Athens, December 2, 2015/Independent Balkan News Agency
By Spiros Sideris
Escalation of pressure on the government for the “common guarding of the border” is expected in the coming months, with the European Union reportedly ready to even threaten Greece with “eviction” from the Schengen zone.
According to a publication of the Financial Times, the E.E. threatens Greece that it faces the risk of having its participation in the Schengen zone suspended, putting the free movement of it citizens within the EU at risk, from mid-December “if it does not change its position on refugee crisis, as irritation grows regarding Athens’ reluctance to accept outside help”.
According to the british newspaper, several European ministers and senior European officials view the threat to evict Greece for “serious shortcomings” in border control as the only way left to convince Alexis Tsipras to deliver on his promises and to accept the EU offer for help.
“The European Commission this month will propose the creation of a common border control team with the power to take over the border, possibly even against the wishes of countries which are at the external borders of the EU, such as Greece”, said the report, adding:
The relatively weak public administration in Greece has been tested with more than 700,000 immigrants who crossed the border this year.
Given the severity of the crisis European officials are enraged by the refusal of Athens to call for a special mission of Frontex, the European border service, the reluctance to accept humanitarian aid from the EU and the failure to improve the registration system of refugees.
The EU interior ministers, who meet Friday, will make it clear that more drastic measures will be considered if Greece fails to take action before EU summit in mid-December, according to four senior European diplomats.
The warning of a “suspension of participation” has been repeatedly given to Greece this week, including the visit to Athens of Jean Asselborn, Foreign Minister of Luxemburg, the country that now has the rotating presidency of the EU”.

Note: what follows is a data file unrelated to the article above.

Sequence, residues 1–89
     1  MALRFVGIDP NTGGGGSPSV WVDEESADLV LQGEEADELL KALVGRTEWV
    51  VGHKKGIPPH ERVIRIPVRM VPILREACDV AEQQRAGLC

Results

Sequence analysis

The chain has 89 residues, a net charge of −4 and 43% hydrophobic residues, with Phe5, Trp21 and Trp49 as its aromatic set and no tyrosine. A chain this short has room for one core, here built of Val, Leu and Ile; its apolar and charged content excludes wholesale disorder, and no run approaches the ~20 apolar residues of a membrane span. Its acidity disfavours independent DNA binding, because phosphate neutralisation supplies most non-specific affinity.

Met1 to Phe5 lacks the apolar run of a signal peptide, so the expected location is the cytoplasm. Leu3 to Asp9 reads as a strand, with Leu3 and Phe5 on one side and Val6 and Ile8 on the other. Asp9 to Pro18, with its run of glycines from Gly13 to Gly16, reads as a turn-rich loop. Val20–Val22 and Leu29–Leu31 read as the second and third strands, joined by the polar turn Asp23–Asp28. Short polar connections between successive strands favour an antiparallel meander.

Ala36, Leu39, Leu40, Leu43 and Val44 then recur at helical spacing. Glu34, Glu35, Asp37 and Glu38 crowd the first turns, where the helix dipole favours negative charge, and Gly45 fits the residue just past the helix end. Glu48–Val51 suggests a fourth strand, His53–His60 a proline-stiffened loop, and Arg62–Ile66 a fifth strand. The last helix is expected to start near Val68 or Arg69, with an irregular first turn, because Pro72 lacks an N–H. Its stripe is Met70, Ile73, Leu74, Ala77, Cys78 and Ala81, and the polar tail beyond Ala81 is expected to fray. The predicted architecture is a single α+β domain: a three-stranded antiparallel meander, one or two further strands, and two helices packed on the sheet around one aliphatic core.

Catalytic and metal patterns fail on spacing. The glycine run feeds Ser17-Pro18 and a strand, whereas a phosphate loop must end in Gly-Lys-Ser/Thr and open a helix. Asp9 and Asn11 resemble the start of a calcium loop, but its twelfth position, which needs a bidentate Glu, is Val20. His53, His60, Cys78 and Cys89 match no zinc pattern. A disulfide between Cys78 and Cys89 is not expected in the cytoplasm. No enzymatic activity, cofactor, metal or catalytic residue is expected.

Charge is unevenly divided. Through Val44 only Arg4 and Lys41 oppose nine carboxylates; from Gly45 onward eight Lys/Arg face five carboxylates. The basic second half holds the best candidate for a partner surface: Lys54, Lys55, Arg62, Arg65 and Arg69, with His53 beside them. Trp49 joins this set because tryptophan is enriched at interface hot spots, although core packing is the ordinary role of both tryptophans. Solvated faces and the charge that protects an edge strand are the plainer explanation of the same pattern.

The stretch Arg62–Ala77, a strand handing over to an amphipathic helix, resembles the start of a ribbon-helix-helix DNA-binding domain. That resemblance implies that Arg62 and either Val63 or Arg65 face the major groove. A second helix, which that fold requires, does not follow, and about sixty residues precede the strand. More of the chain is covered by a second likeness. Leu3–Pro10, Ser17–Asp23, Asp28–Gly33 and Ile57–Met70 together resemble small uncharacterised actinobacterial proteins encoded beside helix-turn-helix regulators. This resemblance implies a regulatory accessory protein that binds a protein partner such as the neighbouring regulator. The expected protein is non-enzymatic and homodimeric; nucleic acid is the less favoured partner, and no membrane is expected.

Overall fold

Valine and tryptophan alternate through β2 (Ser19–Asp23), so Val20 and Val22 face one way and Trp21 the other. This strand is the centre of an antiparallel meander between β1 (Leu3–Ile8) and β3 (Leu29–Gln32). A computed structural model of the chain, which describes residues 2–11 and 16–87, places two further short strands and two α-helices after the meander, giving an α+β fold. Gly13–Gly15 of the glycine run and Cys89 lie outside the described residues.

The Financial Times also noted that “Athens has recently rejected the deployment of 400 Frontex personnel to directly strengthen the border with FYROM, complaining in a letter to the European Commission that their orders were “too broad” and exceeded registration.
“Greek officials have not yet accepted the invitation to invoke an aid status – the Civil Protection Mechanism of the EU – which will provide humanitarian assistance to the islands and border areas…
…Greece has also refused to take on many of the 300 available eurodac machines for the fingerprinting and registration of refugees in the single EU database, citing problems with Internet connections and staff training …Diplomats of the EU complain that Greece has not fulfilled its promise to organise three flights for the resettling of refugees in other Member States. Partly due to registration problems in Greece, only 159 refugees from the 160,000 who have been cleared have resettled in Europe”, is mentioned in the Financial Times.
In the same article “the leaders of the countries of Eastern Europe are the toughest critics of Greece”, while “Berlin has so far resisted the prospect to request suspension or expulsion of Greece from Schengen. But in the background, there is growing concern in Austria and Germany, who have both thought of sending envoys to Greece to support efforts to tackle the refugee crisis, according to official with knowledge of the plans.
“The red line for the Germans was the fact that Frontex was not allowed to come to help them”, said the EU Ambassador in Brussels. “The Germans are angry and that is why people speak in favour of Greece’s exit”.
“The European Commission”, concludes the article, “will proceed with an oral briefing on the situation of Greece at the meeting of EU interior ministers on Friday, which will be accompanied by a written evaluation in the meeting of EU leaders in mid-December.
If there are still serious shortcomings, Athens has been warned that EU leaders may ask the European Commission to begin procedures to suspend its participation, leading to an inspection of the border of Greece that can hold up to three months”.